Without her packed bookshelf, freshman Alena Schuessler wouldn’t feel at home in her dorm room. Each book nestled there holds “sentimental significance,” and she remembers the day she got every one.
For Schuessler, books are more than reading material. The smell of the pages, the design on the cover and the texture of the paper are all part of her “romantic idea” of reading.
Schuessler’s face wore a different expression, though, when she discovered that printed books are apparently losing the battle for consumers to e-books. Over the last three months of 2010, e-book downloads outsold paperback books for the first time on Amazon, the online retailer announced. Over the entire year, Amazon sold 115 e-books for every 100 paperbacks.
“It’s the direction our culture is headed,” Schuessler said. “I accept that. It’s just kind of sad.”
On the other hand, Natalia Mueller couldn’t help smiling when she discovered e-books’ increasing popularity. Mueller, a junior at NW, noticed many students beginning to use e-readers after Christmas break. Nationwide, millions of e-readers were purchased during the holiday season.
Mueller purchased her e-reader last fall, and she uses it for assignments, pleasure reading and devotionals.
“Surprisingly, it’s not hard to read on,” Mueller said. “It really looks like paper. It’s like I’m reading a [printed] book.” Mueller said her experience reading one of her favorite book series remained unchanged when she switched from printed versions to e-books.
For Schuessler, however, the difference is night and day.
“I really, really like the tactile experience with a book. You don’t get that with an e-reader,” she said. “I enjoy turning pages more than clicking buttons.”
In opposition to Mueller, Schuessler described progressing through a book as “the comforting heft in your hands that shifts slowly and gradually as you coax the weight from one hand to another.”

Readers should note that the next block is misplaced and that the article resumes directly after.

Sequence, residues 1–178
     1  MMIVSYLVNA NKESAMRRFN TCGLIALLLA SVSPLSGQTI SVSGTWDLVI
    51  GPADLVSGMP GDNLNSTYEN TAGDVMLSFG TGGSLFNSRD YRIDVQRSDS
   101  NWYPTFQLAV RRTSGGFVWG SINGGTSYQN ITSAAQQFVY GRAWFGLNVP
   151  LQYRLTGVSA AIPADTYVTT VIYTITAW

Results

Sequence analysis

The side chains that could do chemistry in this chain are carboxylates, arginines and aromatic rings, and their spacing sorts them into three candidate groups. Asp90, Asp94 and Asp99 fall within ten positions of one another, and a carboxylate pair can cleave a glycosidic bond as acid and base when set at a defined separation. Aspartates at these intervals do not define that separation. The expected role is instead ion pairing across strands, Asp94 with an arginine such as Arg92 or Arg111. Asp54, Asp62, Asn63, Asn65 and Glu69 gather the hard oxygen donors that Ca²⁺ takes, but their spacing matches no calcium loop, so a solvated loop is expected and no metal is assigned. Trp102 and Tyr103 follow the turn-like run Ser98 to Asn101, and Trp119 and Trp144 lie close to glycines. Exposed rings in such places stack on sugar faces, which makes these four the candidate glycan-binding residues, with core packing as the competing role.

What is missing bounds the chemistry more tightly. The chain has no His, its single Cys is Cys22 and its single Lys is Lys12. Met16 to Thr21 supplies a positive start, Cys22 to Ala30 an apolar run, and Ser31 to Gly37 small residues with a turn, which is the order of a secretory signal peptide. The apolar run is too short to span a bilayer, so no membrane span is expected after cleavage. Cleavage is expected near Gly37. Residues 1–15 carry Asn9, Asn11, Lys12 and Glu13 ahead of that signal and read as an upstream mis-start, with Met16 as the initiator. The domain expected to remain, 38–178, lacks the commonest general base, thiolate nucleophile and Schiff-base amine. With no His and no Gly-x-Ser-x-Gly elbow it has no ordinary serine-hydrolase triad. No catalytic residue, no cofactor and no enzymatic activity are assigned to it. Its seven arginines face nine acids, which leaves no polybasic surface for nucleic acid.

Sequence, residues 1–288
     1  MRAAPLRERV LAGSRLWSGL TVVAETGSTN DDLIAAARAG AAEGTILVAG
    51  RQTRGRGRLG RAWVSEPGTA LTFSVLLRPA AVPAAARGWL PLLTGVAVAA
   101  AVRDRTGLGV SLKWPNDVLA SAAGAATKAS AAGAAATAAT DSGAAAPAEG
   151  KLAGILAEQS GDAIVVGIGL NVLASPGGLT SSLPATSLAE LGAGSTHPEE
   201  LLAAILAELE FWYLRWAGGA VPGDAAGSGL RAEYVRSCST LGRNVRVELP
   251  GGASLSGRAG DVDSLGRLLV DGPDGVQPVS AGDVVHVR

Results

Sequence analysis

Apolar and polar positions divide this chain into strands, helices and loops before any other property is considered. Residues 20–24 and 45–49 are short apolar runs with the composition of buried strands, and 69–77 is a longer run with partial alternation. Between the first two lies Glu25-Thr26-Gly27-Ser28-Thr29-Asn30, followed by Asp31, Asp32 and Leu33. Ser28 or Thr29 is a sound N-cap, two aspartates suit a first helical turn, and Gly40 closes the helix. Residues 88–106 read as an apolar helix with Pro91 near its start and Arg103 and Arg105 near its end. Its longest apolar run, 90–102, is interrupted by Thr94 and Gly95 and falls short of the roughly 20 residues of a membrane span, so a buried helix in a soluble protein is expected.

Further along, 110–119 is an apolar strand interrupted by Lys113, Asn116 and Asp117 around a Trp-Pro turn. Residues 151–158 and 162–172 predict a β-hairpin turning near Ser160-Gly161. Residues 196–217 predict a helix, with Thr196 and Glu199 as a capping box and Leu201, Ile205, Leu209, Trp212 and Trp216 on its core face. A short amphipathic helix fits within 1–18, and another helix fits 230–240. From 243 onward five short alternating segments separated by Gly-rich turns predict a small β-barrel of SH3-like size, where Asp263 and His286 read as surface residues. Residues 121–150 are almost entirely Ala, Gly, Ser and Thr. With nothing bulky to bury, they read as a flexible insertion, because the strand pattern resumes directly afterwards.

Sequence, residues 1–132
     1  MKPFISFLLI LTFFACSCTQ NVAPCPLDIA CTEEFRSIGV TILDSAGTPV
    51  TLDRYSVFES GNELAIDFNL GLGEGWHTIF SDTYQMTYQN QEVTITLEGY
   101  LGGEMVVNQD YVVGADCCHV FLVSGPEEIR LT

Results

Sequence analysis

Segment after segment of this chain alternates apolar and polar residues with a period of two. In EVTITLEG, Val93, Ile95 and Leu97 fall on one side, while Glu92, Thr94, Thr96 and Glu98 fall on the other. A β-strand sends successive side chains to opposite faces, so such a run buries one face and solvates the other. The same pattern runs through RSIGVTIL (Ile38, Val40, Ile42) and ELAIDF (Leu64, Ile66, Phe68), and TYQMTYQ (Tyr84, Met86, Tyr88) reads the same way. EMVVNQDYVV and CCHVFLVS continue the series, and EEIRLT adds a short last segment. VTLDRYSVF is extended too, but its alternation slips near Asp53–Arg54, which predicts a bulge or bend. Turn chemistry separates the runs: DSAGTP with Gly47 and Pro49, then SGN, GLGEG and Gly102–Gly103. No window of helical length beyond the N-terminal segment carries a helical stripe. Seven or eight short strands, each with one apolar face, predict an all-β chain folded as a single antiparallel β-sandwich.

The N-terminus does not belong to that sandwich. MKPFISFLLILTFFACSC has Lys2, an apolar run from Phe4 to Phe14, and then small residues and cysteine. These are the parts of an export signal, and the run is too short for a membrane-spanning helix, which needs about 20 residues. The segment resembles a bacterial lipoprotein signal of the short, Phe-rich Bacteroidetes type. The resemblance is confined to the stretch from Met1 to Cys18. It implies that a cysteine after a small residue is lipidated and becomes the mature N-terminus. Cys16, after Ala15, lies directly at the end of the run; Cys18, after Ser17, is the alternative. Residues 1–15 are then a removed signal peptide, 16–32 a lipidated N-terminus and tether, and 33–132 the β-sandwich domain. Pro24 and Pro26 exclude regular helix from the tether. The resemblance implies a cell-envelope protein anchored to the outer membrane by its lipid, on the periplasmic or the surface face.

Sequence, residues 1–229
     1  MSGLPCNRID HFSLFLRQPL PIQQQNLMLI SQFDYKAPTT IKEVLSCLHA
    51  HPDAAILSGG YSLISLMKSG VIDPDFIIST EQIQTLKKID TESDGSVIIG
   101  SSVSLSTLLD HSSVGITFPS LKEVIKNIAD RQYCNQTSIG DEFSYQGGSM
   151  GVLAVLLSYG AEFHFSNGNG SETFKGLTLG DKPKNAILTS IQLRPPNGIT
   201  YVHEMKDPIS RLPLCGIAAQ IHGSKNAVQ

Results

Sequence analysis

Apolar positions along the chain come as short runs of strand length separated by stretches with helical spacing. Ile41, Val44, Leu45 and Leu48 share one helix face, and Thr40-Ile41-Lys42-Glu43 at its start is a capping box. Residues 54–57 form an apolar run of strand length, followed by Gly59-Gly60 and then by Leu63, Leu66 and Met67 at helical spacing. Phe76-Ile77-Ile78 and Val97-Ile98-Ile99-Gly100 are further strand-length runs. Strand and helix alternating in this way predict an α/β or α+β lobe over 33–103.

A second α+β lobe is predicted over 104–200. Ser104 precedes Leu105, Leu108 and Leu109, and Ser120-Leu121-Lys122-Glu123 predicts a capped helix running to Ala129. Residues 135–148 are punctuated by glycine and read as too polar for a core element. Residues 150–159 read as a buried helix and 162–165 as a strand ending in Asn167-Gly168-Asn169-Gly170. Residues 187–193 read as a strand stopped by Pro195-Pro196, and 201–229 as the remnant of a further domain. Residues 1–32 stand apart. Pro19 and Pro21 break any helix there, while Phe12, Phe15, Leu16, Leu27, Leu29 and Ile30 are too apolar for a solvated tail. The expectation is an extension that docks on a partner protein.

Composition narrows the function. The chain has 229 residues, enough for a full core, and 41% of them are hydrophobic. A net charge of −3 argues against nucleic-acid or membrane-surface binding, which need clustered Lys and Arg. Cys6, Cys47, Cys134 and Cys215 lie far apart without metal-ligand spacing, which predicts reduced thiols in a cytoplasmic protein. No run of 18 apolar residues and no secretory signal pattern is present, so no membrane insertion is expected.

Some faculty have begun experimenting with e-readers in their classrooms. Sociology professor Dr. Scott Monsma refers to lecture notes on his e-reader because he “can wander around the classroom.”
Others, such as English professor Dr. Westerholm, would rather do without e-books. Westerholm called the devices “detrimental” to English classes because they “imply one-way exchange” when English students need to develop relationships with the texts they are studying.
“For me,” Westerholm said, “reading a great novel on an e-reader would be unsatisfactory because reading those works is a conversation, not just collecting data. I need paper to take part in that conversation.”
“I’ve been reading and loving books for half a century,” he said, lounging beside his floor-to-ceiling bookshelf overflowing with worn novels. “I’ve established a relationship with them. I can’t imagine doing that with electrons.”
Anita Vogel, Senior Reference Librarian, prefers printed books but has kept her mind open.
“I like the feel of books, but down the road, I could change my mind,” Vogel said. “It’s kind of neat to think that you can have a whole library in one little device.”
While many librarians fear that e-readers will obsolve libraries, Vogel doesn’t see any cause for alarm. She predicted that libraries may supply patrons with e-readers, similar to how they provide computer access today.
However, “the printed page still carries an allure that cannot easily be met by an electronic device,” Tim Schlack, Director of the Library said.
“Buttons, screens and batteries all wear out no matter how well you treat the device,” Schlak said. “Put a book in a safe place with fairly reasonable conditions and it will still be readable 100 years from now. I doubt whether the same can be said for a Kindle and other reader devices.”
Newsweek reported that by 2014, sales of e-books will equal those of printed books. Monsma predicted that someday, printed books could become a niche market.